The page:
China says it conducted military drills around Taiwan to warn US
Following joint air patrols with Russia, China's military said it conducted maneuvers around Taiwan. Previously, US President Joe Biden warned that Washington would defend the island in case of an attack.
China on Wednesday announced it had held military operations near Taiwan during US President Joe Biden's first visit to Asia.
Biden had reiterated commitments to defend Taiwan during the visit, surprising some analysts and drawing strong condemnation from China.
What has China's military been doing near Taiwan?
China says it has conducted joint patrol and combat readiness operations near Taiwan, just as the US leader was in Tokyo attending a meeting of leaders from India, Japan, and Australia, who together make up the "Quad".
In a statement posted on the Chinese Defense Ministry's website, the US was criticized for "hypocritical and useless" actions that supposedly emboldened Taiwan's pro-independence forces.
Taiwan is governed by a democratic administration in Taipei, but China regards it as an integral part of its territory under the so-called "One China" policy.
"Taiwan is a part of China. The troops of the PLA Eastern Theater Command have the resolution and capability to thwart any external forces' interference and secessionist attempts for 'Taiwan independence', and to firmly safeguard national sovereignty and security as well as regional peace and stability," read a statement credited to Shi Yi, a spokesperson for the Chinese army's Eastern Theater Command.
At the same time, China said it had been conducting joint air patrols with Russia over the Sea of Japan, the East China Sea and the Western Pacific.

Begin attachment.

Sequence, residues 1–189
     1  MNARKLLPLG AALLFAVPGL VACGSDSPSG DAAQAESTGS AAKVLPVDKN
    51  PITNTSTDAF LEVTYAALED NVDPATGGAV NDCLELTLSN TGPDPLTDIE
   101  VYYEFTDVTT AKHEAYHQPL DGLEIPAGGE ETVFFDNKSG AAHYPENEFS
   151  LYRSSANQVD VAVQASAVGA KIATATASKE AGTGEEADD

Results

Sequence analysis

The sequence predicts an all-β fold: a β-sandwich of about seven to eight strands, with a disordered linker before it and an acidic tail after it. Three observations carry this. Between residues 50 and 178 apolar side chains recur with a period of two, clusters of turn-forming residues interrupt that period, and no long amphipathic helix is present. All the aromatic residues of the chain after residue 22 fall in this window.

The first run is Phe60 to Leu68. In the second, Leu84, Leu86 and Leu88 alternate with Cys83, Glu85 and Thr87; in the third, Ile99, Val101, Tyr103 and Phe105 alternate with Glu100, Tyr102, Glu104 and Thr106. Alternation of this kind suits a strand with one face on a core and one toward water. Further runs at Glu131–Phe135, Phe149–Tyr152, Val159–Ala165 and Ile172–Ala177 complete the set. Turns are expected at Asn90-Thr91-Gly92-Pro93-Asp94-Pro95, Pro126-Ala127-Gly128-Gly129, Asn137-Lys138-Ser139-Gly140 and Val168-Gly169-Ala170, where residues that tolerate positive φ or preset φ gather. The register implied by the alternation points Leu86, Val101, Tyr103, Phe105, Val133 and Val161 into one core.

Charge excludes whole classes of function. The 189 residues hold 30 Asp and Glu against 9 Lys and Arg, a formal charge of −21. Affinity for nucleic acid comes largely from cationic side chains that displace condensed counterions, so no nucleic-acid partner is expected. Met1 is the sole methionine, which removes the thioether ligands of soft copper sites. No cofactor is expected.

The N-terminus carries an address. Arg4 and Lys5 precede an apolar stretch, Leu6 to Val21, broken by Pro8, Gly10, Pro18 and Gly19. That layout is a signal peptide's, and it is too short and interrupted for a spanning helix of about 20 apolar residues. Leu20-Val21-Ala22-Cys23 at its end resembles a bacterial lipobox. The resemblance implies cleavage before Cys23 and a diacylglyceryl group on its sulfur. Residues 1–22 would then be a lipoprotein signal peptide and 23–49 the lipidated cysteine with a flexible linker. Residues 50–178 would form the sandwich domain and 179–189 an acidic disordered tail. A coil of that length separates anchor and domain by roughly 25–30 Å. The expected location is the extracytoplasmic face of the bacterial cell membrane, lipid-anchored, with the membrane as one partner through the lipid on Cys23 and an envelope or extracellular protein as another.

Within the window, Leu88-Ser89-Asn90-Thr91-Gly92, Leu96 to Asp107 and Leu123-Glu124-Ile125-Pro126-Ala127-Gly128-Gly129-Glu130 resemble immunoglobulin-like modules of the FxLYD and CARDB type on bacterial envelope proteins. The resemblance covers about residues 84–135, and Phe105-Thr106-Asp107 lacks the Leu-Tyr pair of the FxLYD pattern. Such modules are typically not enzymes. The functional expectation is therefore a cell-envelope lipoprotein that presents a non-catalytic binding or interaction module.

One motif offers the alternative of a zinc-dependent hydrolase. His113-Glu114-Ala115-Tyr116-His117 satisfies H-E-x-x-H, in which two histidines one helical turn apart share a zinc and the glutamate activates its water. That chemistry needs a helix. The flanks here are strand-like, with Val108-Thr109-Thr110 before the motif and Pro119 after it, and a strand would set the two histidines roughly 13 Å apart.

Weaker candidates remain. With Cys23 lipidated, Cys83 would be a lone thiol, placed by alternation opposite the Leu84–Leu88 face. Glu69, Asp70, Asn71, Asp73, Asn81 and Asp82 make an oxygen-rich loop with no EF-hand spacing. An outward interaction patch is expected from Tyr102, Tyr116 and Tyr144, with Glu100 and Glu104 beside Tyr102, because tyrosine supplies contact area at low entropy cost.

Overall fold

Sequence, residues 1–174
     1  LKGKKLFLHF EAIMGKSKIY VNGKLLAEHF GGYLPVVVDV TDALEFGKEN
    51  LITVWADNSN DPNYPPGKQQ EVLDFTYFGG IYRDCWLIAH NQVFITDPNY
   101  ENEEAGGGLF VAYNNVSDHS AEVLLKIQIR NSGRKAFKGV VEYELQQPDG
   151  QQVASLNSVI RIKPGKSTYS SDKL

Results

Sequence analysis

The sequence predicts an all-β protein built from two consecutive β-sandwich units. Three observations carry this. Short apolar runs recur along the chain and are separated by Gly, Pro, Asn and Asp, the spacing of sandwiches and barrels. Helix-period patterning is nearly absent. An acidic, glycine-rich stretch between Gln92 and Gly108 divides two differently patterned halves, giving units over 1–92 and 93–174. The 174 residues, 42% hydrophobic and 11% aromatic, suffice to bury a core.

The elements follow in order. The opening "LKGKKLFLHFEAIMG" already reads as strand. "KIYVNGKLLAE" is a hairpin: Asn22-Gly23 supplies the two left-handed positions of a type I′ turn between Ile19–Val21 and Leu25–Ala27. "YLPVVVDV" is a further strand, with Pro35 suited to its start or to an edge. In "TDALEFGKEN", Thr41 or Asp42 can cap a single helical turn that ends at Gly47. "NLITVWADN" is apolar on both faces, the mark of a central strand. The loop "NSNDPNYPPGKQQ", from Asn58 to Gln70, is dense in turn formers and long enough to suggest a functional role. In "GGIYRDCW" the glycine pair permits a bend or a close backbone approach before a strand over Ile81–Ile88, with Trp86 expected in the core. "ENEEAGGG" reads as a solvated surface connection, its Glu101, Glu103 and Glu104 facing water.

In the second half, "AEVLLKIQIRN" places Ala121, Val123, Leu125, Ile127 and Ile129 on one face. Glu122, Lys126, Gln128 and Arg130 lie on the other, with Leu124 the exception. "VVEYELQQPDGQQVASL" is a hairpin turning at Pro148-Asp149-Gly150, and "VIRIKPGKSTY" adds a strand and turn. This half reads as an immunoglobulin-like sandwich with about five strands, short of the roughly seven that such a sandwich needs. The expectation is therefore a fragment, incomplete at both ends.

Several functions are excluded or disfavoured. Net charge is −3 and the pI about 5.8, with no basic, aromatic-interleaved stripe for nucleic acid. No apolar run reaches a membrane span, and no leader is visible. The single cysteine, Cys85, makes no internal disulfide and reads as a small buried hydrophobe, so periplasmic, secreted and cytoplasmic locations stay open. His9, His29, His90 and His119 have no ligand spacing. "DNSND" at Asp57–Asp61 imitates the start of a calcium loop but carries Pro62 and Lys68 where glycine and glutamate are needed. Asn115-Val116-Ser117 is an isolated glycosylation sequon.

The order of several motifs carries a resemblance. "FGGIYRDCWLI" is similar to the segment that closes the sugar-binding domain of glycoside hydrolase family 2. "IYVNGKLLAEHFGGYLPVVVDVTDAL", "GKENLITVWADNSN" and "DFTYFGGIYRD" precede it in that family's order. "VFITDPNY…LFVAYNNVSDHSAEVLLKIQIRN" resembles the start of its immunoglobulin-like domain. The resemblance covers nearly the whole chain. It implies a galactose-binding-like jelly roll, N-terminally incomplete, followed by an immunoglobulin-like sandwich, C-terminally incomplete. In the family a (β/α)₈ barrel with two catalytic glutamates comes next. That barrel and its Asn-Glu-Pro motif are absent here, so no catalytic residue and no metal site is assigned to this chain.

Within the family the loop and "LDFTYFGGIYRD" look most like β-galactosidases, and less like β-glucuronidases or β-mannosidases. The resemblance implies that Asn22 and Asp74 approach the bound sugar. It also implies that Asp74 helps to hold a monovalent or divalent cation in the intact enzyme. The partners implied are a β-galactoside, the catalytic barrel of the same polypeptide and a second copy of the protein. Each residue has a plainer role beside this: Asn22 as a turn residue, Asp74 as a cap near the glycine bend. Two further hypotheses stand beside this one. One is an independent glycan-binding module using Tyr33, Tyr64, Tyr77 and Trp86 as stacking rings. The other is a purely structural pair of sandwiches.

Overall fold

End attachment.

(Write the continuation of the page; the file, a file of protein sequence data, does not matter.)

China said the exercises near Japan were not directed at any particular country, even though they coincided with Biden's visit.
That didn't wash with US officials, one of whom told the Reuters news agency that the moves showed China and Russia's relations remain strong despite Russia's aggression in Ukraine.
Multiple media outlets reported that these were the first joint exercises between Russian and Chinese military forces since Russia launched its attack on Ukraine on 24 February.
Rand Corporation analyst Derek Grossman told Reuters the drills were "clearly designed to signal Beijing's frustration with the Quad summit and all of President Biden's proceedings over the last few days."
Japan's Defense Minister Nobuo Kishi said that the drills were "more provocative" than in the past, as they took place while the Quad was meeting.
Would the US defend Taiwan if China attacked?
Biden said on Tuesday that the US would be willing to respond militarily if Taiwan came under attack, angering China by making these defense assurances explicit.
While some analysts suggested Biden may have misspoken, as the US has often tried to calm Chinese fears over their support for Taiwan, his comments were clear.
US policy is officially to recognize the One China policy, but to offer defensive weapons to Taiwan in case the country is attacked.
Biden said that the line remained unchanged, and that a forced takeover by Beijing would "dislocate the entire region."
What else happened on Joe Biden's visit to Asia?
North Korea test-launched three missiles, according to South Korea, just after Biden's visit ended. South Korea said the secretive dictatorship also appeared to have tested detonation devices ahead of a planned seventh nuclear test.
This was Biden's his first presidential visit to the continent, and the Quad meeting was the centerpiece. The Quad was formerly known as the Quadrilateral Security Dialogue and was resurrected in 2017 amid concern about China's military assertiveness in the region.
Biden also wanted to try and smooth over differences over Russia's war on Ukraine, with India less keen on sanctions as it pursues a more neutral stance.
With these goals in mind, he launched a new economic agreement for Asian states, which aims to enhance American economic influence in the region with common rules on the digital economy, supply chains, decarbonization and workers' rights.
Australia, Brunei, Indonesia, Japan, New Zealand, Singapore, South Korea, Thailand, Vietnam, and the United States are all part of the this plan, but not China.